With the fall of the Russian Empire, a provisional government attempted to maintain control in Tashkent. It was quickly overthrown and local Muslim opposition crushed. In April 1918, Tashkent became the capital of the Turkestan Autonomous Soviet Socialist Republic (Turkestan ASSR). The new regime was threatened by White forces, basmachi, revolts from within, and purges ordered from Moscow. Tashkent fell within the borders of the Uzbek SSR, and became the capital of the Uzbek SSR in 1930, displacing Samarkand.
The city began to industrialize in the 1920s and 1930s, but industry increased tremendously during World War II, with the relocation of factories from western Russia to preserve the Soviet industrial capacity from the invading Nazis. The Russian population increased dramatically as well, with evacuees from the war zones increasing the population to well over a million. (The Russian community would eventually comprise nearly half of the total residents of Tashkent.)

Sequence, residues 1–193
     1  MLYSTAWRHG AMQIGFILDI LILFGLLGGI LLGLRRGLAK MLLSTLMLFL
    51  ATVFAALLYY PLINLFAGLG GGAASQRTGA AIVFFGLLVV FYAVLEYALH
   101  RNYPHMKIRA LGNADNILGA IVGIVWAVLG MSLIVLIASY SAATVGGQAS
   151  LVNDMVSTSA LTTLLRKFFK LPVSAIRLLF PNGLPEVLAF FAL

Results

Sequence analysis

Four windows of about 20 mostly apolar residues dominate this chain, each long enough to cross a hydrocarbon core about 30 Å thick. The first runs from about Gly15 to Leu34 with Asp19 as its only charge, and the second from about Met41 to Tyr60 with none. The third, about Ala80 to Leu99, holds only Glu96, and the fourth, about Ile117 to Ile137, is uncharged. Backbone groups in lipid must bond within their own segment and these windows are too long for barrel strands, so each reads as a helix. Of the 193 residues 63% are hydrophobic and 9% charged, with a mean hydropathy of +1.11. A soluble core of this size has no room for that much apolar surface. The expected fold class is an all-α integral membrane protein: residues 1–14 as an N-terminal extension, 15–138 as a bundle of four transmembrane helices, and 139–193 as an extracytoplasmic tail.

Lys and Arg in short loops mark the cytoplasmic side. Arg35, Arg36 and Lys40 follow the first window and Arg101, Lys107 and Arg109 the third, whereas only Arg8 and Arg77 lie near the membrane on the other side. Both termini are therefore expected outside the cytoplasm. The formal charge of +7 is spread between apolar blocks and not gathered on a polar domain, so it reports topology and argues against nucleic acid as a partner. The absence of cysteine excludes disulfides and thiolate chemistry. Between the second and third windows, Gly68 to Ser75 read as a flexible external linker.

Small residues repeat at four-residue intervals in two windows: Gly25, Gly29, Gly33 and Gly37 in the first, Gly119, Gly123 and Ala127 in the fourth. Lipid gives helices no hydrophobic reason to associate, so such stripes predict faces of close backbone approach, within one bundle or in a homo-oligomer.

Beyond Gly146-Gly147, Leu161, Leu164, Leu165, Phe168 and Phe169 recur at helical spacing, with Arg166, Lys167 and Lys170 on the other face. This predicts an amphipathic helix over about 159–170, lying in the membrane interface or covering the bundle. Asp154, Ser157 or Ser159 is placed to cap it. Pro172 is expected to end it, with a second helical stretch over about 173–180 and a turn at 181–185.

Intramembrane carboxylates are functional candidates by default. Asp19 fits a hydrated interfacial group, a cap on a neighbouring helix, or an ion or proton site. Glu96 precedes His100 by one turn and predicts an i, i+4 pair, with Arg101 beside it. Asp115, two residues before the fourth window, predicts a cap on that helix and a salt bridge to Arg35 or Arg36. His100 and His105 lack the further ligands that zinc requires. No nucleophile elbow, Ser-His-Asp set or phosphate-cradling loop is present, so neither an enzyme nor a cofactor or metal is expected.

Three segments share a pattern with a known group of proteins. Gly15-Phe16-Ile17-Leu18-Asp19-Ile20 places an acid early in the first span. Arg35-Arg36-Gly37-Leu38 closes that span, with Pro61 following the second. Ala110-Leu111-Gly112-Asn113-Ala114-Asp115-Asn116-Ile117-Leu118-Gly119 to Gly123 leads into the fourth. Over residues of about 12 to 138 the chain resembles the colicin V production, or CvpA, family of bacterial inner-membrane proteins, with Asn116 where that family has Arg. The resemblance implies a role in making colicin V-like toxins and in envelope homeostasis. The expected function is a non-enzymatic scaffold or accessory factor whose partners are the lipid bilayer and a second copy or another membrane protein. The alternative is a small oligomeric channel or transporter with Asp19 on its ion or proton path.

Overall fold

At the time of the collapse of the Soviet Union in 1991, Tashkent was the fourth largest city in the country and a center of learning in the science and engineering fields.
Tashkent was a very Soviet city, with few reminders of its position on the Silk Road or its 2000+ years of history. At the moment, it is the most cosmopolitan city in Uzbekistan, with large ethnic Russian minority. The city is noted for its tree lined streets, numerous fountains, and pleasant parks. As capital of the nation, it has also been the target of several terrorist attacks since Uzbekistan gained independence, which the government has attributed to Islamic fundamentalists.
Since 1991, the city has changed economically, culturally, and architecturally. The largest statue ever erected for Lenin was replaced with a globe, complete with a geographic map of Uzbekistan over it. Buildings from the Soviet era have been replaced with new, modern buildings. One example is the "Downtown Tashkent" region, which includes the 22-storey NBU Bank building, an Intercontinental Hotel, International Business Center, and the Plaza Building.
Dating back to the reign of Abdullah Khan (1557-1598) it is currently being restored by the provincial Religious Board of Mawarannahr Moslems. There is talk of making it into a museum, but it is currently being used as a mosque.